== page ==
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Zika Virus: A Modern Day Epidemic

Disease outbreak is not something that we haven’t heard about before. In the history of mankind, there have been several instances wherein the world has been threatened with wide-scale disease outbreaks. To name a few, there was the Smallpox Epidemic in 1633, the Yellow Fever Outbreak in 1793, the Asian Flu Pandemic in 1957, and AIDS that has been going on since the 1980s. However, whether wide-scale disease outbreaks are something that we have seen before or not, their threat for human survival still remains. And with the increasing cases of people being infected with the  Zika Virus, humanity is once again facing a threat in survival.

According to the World Health Organization (WHO), Zika Virus is named after the Zika Forest in Uganda where it was first identified in 1947 as a mosquito-borne flavivirus, Aedes mosquitoes, in monkeys through a network that monitored yellow fever. The very first cases of the virus on humans were identified in 1952 in Uganda and the United Republic of Tanzania. There were even outbreaks that have been recorded in Africa, America, Asia and the Pacific through 1960s and 1980s. Its first large outbreak was recorded in the Island of Yap (Federated States of Micronesia) in 2007. Symptoms of Zika infection are typically identified with mild illness which are similar to other arbovirus infections such as dengue and include fever, skin rashes, conjunctivitis, muscle and joint pain, malaise, and headache which usually lasts from 2 to 7 days. On October 2015, it was reported in Brazil that there is an association between Zika virus infection and microcephaly.

Microcephaly has been defined by the Centers for Disease Control and Prevention (CDC) as a condition where a baby’s head is much smaller than expected.  During pregnancy, a baby’s head grows because the baby’s brain grows. Microcephaly can occur because a baby’s brain did not developed properly during pregnancy or stopped growing after birth, which results to a smaller head size. Microcephaly can be an isolated condition, meaning that it can occur with no other major birth defects, or it can occur in combination with other major birth defects. However, there are still sever cases in which microcephaly lead to seizures, developmental delay, such as problems with speech, decreased ability to learn and function in daily life, problems with movement and balance, feeding problems, such as difficulty swallowing, hearing loss, and vision problems.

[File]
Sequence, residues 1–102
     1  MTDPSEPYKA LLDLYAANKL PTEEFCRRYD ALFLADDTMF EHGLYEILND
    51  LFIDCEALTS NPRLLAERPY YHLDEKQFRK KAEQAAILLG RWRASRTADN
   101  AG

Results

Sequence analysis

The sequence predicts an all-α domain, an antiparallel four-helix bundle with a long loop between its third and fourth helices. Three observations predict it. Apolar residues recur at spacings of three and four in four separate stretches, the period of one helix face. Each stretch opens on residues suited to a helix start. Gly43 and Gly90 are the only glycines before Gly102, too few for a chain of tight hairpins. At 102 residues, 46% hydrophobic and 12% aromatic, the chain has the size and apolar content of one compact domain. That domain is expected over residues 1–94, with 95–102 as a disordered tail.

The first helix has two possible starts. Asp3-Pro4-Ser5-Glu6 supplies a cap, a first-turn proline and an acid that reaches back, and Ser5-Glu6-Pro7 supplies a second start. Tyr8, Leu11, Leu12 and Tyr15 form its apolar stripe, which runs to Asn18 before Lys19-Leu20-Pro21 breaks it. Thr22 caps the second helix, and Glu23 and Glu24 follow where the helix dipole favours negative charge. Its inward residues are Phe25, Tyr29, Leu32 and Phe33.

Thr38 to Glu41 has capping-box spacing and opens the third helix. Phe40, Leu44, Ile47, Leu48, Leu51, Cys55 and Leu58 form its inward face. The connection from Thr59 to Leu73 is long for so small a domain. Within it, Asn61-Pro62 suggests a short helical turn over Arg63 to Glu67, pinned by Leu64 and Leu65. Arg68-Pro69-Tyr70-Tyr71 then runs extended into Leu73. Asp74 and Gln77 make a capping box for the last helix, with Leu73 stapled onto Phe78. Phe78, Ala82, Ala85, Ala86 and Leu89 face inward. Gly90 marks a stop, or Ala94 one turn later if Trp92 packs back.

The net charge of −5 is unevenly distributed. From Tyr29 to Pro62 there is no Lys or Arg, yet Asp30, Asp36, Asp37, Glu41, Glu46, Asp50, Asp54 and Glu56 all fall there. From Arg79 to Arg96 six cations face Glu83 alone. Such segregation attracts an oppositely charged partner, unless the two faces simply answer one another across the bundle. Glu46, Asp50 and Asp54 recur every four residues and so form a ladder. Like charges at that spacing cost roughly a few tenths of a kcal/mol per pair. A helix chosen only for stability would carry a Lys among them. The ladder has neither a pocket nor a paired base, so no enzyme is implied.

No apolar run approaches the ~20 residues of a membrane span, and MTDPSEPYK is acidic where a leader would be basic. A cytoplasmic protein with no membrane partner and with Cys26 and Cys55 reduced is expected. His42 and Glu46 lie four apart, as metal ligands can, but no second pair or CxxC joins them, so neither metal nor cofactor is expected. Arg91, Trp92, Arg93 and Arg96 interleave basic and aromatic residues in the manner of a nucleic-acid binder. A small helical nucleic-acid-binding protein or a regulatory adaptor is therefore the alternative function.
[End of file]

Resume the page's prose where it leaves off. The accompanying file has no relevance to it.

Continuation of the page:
With this recent discovery on the Zika virus, the World Health Organization has declared it a Public Health Emergency of International Concern (PHEIC) on February 2016. As of the moment, it is still yet unknown how likely a pregnant woman is to get Zika once she is exposed but it has been confirmed that, aside from a bite from an infected mosquito, it also likely to be spread by men to sex partners, and that women can pass it to their fetus during pregnancy or delivery. Since Zika has usually mild symptoms and requires no specific treatment, people sick with the virus should get plenty of rest, drink enough fluids, and treat pain and fever with common medicines. If symptoms worsen, they should seek medical care and advice. There is currently no vaccine available.

It is still unknown how the Zika Virus could affect the current healthcare trend since this has been the first outbreak that has been identified after the boom of healthcare outsourcing and the recent implementation of the Obama Care or Patient Protection and Affordable Care Act (PPACA) but it is expected that it will play a vital role in recording cases for research purposes and making medical breakthroughs.

For more information about Zika Virus, you may check the WH v O Q&A board.

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